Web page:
Philippines loses press freedom fighter

The Philippines lost one of its key press freedom fighters on Wednesday night. Jose Jaime Espina, popularly known as ‘Nonoy’, died of liver cancer just days after recovering from Covid-19, his family has said. He was 59 years old.

A lifelong journalist based primarily in the central Philippines region of Negros, Espina served as president of the National Union of Journalists of the Philippines (NUJP) from 2018 to 2021. During that time, President Rodrigo Duterte led a deadly attack on the media, leading to the December 2020 shutdown of ABS-CBN, the nation’s largest broadcast network, and the persecution of Maria Ressa and her investigative news team Rappler. Espina and his NUJP colleagues, supported by strong solidarity from the media and human rights organizations, were at the forefront of the fight to defend the press.

Philippine authorities have repeatedly “red-labeled” Espina and other NUJP members, accusing them of supporting the communist insurgency. This harassment has added to the threats faced by Filipino journalists, many of whom have been killed in targeted attacks. The Philippines is one of the most dangerous places in the world to work as a journalist. When I was a journalist in the Philippines for the New York Times, the army included me in its “order of battle” blacklist because of my association with the NUJP, where I also served as general secretary. Espina has always been there to support me and denounce the blacklist.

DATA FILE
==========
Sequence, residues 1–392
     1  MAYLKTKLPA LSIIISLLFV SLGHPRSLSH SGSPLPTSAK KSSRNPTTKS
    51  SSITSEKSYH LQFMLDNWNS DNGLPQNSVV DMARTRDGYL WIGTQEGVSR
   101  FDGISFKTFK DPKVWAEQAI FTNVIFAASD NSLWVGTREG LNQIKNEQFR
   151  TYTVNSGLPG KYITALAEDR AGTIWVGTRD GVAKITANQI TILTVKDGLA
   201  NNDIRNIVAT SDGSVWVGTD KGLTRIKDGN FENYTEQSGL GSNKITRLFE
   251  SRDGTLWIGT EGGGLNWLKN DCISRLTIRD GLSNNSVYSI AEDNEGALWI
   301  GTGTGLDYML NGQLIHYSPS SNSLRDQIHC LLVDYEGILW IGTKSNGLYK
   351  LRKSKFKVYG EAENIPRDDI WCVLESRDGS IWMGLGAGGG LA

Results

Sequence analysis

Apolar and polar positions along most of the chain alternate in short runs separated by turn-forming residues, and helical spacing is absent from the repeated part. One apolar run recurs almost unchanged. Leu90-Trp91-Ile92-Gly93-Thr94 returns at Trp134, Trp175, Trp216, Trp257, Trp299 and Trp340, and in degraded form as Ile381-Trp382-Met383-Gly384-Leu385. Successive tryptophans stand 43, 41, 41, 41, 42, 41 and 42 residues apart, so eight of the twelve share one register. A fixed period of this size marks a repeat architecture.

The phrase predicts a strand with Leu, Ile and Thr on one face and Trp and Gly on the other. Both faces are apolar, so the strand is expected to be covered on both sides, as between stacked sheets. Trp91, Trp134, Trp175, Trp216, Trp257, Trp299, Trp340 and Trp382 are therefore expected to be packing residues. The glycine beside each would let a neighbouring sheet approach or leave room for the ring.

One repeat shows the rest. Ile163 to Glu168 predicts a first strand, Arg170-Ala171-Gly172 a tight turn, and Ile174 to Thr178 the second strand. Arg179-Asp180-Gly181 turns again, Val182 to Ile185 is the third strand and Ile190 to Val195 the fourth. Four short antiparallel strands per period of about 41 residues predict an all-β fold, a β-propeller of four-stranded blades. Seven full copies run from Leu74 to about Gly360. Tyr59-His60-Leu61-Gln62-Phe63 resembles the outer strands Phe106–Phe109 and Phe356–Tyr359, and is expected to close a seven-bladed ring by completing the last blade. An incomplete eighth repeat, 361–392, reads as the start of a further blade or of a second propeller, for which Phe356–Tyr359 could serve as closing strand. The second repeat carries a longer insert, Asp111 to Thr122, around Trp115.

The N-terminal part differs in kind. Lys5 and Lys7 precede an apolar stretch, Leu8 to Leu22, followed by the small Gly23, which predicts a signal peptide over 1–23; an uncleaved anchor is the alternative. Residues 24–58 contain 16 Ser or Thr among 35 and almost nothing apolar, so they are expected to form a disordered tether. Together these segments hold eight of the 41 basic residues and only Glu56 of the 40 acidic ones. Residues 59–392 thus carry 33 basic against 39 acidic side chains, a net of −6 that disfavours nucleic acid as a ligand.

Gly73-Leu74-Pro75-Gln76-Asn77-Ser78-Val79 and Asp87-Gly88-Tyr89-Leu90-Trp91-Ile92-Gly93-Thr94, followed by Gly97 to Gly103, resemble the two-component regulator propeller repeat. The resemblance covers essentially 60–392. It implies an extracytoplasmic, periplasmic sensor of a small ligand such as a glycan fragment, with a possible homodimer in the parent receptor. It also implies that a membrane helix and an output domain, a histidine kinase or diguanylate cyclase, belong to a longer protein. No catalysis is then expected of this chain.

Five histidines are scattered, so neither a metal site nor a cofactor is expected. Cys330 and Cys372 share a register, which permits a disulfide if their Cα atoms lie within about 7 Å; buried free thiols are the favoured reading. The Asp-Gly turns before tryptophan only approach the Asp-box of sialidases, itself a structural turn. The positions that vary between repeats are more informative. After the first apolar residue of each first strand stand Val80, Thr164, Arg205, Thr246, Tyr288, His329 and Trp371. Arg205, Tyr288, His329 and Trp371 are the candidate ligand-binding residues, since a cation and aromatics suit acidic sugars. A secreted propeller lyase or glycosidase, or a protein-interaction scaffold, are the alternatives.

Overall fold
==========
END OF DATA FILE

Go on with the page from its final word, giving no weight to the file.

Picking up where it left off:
Espina worked primarily as a community journalist based in Bacolod City, Negros Occidental, her hometown. He had been a reporter and editor for various provincial and national publications, but his work as a member of the Philippines’ “alternative press” – journalists who dared to report on human rights abuses and challenged the official events – earned him notoriety and recognition. He has also advocated for the economic advancement of journalists, even joining a lawsuit against a media company.

Espina is survived by his wife, Leny Rojo, his children Mayumi Liwayway and Daki Ojor, and a generation of Filipino journalists who continue to face enormous challenges but have been inspired by Nonoy’s leadership and commitment to a free and independent press.

“The press is free not because it is allowed to be free,” Espina once said. “He’s free because he insists on being free.”

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